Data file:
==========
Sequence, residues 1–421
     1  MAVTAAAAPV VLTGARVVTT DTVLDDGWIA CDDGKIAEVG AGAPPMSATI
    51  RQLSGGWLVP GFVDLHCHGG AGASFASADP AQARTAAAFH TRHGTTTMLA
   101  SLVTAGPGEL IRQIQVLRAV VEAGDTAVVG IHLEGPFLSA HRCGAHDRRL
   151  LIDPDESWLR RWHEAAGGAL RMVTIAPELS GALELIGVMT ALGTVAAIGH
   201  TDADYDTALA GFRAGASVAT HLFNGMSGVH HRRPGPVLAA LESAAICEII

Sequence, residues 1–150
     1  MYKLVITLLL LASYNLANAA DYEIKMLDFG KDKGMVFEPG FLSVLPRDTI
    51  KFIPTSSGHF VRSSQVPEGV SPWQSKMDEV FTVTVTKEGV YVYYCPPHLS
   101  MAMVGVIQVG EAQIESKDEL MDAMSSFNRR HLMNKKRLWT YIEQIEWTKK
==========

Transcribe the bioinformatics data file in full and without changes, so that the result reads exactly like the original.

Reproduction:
Sequence, residues 1–421
     1  MAVTAAAAPV VLTGARVVTT DTVLDDGWIA CDDGKIAEVG AGAPPMSATI
    51  RQLSGGWLVP GFVDLHCHGG AGASFASADP AQARTAAAFH TRHGTTTMLA
   101  SLVTAGPGEL IRQIQVLRAV VEAGDTAVVG IHLEGPFLSA HRCGAHDRRL
   151  LIDPDESWLR RWHEAAGGAL RMVTIAPELS GALELIGVMT ALGTVAAIGH
   201  TDADYDTALA GFRAGASVAT HLFNGMSGVH HRRPGPVLAA LESAAICEII

Sequence, residues 1–150
     1  MYKLVITLLL LASYNLANAA DYEIKMLDFG KDKGMVFEPG FLSVLPRDTI
    51  KFIPTSSGHF VRSSQVPEGV SPWQSKMDEV FTVTVTKEGV YVYYCPPHLS
   101  MAMVGVIQVG EAQIESKDEL MDAMSSFNRR HLMNKKRLWT YIEQIEWTKK